MTW’s ‘Singin’ in the Rain’ a picture-perfect homage to classic film

By Bob Curtright
Eagle correspondent

The amazing thing about director/choreographer Linda Goodrich’s new production of “Singin’ in the Rain” for Music Theatre of Wichita is how picture-perfect her stage homage is to the beloved and classic 1952 movie with Gene Kelly, Debbie Reynolds and Donald O’Connor.

Particularly since Goodrich and her magnificent crew of singers and dancers don’t have the advantage of numerous retakes, edits, special effects or dubbing.

All of our favorite moments are there, re-created with a loving touch, from the “Good Morning” romp involving dancing all over the furniture to an expanded “Broadway Melody” that’s practically a three-act dance marathon by itself.

And, yes, Goodrich and David Elder in the Kelly role conquer the “Singin’ in the Rain” segment spectacularly, sprinkling and splashing joyfully throughout the full length of the Music Theatre stage. With sure-footed grace and boundless energy, Elder captures every nuance and detail, from jumping in puddles like an exuberant kid to leaping ecstatically onto a lamppost to proclaim his love for his lady to the world.

Elder plays Don Lockwood, a former vaudevillian turned silent-film leading man, who hits on the genius idea of becoming a musical star as the best way to make the transition to “talkies” in 1920s Hollywood. Broadway veteran Elder has matinee idol good looks and a toothpaste-ad smile as well as a lanky grace and man-for-all-seasons dancing abilities from tap to soft shoe to a touch of ballet here and there. Elder is actually Kelly 2.0 — all the athleticism (including a back flip) and style but with a stronger singing voice.

Cary Tedder plays Cosmo Brown, Don’s brash best buddy and former vaudeville dancing partner. Tedder re-creates O’Connor’s quirky “Make ’Em Laugh” production number with affectionate precision, from hilariously flirting with a stuffed dummy on a couch to doing back flips against a wall. And when Tedder joins forces with Elder for a couple of rousing tap routines (“Fit as a Fiddle,” “Moses Supposes”), they stop the show.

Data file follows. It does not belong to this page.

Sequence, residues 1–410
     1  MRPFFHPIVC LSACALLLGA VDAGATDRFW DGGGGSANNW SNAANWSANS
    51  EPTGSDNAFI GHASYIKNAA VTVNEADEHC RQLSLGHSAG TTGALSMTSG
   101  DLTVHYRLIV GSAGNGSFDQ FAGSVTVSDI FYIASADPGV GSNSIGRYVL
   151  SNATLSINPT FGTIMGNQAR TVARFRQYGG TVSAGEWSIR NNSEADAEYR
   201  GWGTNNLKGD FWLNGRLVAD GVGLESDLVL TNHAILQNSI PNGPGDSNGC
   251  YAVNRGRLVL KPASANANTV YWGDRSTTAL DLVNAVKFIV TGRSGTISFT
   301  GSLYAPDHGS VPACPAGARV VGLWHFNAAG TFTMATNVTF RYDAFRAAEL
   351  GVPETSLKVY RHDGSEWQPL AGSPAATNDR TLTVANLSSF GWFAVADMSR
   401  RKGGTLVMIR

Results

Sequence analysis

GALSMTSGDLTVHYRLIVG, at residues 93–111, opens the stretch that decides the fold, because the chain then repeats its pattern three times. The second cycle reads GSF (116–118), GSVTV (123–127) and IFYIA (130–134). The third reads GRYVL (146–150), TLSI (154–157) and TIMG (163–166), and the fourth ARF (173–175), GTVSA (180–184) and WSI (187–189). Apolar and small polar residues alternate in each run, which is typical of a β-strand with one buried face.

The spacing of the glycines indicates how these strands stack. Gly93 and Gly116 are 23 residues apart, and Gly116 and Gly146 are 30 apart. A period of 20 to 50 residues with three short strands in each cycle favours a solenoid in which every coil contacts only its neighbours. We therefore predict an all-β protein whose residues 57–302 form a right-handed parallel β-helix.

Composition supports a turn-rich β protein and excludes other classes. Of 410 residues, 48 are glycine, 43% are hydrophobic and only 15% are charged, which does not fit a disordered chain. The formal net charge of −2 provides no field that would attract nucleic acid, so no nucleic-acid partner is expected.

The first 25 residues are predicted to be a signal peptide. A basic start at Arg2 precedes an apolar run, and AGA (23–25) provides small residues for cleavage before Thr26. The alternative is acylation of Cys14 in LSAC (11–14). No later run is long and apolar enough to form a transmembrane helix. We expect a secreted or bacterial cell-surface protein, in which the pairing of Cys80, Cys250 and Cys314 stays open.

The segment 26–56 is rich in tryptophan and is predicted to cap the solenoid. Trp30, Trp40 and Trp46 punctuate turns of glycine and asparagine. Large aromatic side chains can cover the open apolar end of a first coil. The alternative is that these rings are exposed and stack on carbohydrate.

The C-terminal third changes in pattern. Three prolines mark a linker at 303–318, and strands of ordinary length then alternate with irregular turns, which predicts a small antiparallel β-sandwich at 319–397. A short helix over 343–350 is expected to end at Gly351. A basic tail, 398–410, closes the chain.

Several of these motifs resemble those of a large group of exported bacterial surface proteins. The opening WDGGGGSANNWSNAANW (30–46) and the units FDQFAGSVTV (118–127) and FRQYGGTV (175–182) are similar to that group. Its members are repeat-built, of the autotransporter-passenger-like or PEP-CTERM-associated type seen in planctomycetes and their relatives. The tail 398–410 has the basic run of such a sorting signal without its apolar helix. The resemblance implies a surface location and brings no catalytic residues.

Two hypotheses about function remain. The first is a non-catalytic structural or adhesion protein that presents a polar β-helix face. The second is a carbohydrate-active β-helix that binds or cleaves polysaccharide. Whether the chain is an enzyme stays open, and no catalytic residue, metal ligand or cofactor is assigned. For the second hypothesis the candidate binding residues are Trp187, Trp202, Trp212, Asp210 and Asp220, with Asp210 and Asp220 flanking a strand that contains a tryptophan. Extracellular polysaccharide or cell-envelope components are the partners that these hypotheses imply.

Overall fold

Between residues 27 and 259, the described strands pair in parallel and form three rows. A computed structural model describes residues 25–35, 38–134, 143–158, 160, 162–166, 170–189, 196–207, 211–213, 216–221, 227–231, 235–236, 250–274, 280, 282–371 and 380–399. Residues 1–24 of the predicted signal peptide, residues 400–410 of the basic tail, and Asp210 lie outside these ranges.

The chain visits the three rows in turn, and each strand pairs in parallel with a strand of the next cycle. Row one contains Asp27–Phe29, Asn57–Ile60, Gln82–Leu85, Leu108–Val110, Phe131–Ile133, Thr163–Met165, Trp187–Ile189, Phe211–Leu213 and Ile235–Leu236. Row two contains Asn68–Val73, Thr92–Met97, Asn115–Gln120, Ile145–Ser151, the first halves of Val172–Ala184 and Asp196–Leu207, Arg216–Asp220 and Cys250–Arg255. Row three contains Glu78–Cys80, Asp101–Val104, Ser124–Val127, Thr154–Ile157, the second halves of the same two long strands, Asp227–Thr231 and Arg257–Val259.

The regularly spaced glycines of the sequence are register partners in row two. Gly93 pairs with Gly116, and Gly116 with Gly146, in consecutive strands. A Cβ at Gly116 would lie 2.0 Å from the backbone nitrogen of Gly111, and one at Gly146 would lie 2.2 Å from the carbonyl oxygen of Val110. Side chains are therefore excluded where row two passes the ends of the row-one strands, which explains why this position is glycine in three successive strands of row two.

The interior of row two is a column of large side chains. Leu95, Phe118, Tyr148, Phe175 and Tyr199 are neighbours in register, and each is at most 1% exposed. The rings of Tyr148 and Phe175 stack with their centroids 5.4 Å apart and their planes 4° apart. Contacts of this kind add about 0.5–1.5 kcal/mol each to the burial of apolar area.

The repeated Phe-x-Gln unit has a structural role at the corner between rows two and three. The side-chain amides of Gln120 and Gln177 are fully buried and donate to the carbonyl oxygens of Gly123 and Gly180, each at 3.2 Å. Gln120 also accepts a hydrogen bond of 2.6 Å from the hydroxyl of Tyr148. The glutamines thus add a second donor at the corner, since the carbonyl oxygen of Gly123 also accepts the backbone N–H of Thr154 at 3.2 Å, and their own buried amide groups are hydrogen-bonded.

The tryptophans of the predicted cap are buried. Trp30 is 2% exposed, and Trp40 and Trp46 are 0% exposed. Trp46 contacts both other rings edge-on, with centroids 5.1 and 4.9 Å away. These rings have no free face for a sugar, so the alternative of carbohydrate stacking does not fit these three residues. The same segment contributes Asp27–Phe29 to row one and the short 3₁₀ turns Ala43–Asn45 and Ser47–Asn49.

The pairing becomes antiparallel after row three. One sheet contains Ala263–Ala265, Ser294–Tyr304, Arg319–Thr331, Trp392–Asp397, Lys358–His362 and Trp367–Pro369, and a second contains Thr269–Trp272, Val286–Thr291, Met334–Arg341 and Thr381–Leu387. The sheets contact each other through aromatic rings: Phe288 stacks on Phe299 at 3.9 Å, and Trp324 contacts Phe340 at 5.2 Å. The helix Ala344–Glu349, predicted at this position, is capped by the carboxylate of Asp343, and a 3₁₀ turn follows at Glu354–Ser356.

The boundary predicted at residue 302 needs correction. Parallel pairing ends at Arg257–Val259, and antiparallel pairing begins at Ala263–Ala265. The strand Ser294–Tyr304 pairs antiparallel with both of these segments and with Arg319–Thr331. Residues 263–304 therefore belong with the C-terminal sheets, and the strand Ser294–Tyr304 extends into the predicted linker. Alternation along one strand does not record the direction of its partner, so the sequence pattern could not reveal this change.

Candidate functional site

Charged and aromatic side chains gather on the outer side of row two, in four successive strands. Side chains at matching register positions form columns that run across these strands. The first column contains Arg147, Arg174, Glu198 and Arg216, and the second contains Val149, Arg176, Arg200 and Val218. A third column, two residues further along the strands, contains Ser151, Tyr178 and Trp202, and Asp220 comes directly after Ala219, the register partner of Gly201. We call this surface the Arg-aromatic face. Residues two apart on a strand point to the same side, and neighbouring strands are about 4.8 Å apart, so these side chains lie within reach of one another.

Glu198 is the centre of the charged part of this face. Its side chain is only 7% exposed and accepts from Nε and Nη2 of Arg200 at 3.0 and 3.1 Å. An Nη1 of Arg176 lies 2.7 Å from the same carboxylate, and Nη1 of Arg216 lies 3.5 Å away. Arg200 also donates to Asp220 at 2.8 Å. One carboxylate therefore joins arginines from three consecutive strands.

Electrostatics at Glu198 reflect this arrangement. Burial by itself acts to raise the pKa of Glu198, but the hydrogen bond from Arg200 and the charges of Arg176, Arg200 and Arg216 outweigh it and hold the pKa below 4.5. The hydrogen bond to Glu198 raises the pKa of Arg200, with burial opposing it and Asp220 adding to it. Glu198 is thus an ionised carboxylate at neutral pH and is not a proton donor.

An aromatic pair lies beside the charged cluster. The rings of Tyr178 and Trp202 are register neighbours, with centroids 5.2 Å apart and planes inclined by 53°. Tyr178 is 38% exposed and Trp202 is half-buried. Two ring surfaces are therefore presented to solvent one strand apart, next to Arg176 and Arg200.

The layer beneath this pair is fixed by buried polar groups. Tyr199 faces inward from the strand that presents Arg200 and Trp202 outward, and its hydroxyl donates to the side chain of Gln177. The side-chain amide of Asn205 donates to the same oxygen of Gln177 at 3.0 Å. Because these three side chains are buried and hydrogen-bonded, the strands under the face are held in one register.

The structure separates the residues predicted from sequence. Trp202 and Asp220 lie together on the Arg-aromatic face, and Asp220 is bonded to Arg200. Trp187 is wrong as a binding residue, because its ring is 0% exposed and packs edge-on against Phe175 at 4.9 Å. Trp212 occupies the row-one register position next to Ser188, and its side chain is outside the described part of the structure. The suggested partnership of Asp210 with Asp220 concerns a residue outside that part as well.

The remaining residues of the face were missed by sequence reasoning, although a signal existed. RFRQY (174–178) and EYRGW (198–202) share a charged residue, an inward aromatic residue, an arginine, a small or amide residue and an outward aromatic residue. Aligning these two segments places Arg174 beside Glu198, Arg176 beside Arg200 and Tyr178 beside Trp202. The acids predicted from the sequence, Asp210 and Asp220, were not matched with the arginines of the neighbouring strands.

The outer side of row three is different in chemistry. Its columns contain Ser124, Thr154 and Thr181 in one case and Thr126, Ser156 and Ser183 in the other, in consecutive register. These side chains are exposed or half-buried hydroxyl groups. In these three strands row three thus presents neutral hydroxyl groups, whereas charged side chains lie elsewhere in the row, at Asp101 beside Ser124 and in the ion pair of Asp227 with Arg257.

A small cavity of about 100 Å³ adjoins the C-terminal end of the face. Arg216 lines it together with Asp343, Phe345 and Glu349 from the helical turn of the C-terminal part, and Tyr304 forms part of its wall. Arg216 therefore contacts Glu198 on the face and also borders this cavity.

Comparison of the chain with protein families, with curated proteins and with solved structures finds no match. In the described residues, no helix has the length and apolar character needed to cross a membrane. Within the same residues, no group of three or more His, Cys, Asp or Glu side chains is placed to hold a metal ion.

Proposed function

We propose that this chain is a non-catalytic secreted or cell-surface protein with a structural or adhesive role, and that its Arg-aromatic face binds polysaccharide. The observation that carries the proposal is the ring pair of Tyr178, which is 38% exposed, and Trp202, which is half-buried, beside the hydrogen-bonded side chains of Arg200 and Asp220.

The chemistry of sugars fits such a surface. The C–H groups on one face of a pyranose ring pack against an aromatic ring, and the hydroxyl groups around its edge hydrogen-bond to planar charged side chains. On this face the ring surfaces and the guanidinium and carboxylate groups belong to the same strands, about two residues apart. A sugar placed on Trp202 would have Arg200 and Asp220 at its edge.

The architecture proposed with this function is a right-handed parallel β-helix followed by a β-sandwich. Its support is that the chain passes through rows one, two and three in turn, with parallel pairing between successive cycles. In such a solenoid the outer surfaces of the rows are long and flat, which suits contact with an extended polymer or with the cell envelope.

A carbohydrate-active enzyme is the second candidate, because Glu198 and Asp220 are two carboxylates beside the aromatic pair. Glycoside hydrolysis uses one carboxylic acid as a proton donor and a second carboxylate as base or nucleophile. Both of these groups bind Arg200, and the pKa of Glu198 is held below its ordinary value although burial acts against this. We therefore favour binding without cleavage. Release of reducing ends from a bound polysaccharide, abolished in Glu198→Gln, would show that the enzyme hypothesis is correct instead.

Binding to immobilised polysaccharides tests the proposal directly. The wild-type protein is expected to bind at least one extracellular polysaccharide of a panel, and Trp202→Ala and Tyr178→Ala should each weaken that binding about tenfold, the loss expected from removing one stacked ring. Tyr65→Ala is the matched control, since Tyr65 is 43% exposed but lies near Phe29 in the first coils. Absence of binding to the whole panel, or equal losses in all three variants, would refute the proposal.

Keeping up with those two balls of energy are Mary Michael Patterson as Kathy Selden, an eager Hollywood ingenue who keeps Don at arm’s length but ultimately falls for the real man behind the screen image. Patterson has a fresh and lovely voice for romantic tunes like “You Are My Lucky Star” and “Would You.” She’s also a delightful presence who is enthusiastic and energetic without being stereotypically perky.

Stealing the show every time she opens her mouth is Anne Horak as glamorous silent star Lina Lamont, whose nasally Bronx-ese can shatter glass and dooms her future career in talkies. In a song not in the original movie, Horak as Lina laments to her mirror, “What’s Wrong With Me?” — and answers her own question hilariously at every turn. Horak has brilliant comic timing in a sexy package, making the contrast even funnier.

Because Lina’s voice is supposed to be terrible, Horak doesn’t get to display her normally beautiful singing voice like she did previously in “White Christmas” here. But she’ll make up for that as the lead of the next show, “Legally Blonde,” the season closer that runs Aug. 8 through 12 at Century II.

A trio of local character actors shines in minor comic turns: Bonnie Bing as a powerful gossip columnist who likes to hobnob with the stars, Charles Parker as a movie studio chief secretly cowed by one of his stars, and Timothy W. Robu as a blustery, exasperated movie director. All three inhabit their characters like easing into comfortable old shoes.

This production is seemingly one of the most technically complex for Music Theatre in recent seasons, full of beautiful 1920s sets designed by Michael Anania (enhanced by David Neville’s evocative lighting) that look more substantial than painted backdrops but appear and disappear in an instant, as if by magic. Sarah Reever’s elegantly gaudy costumes capture the reckless freedom of the period, and music director Thomas W. Douglas’ orchestra (despite a little mushiness in the overture opening night) provides energetic support befitting the kick-up-your-heels era of Charleston and tango.


Tags: , , , , , , , , , , , , ,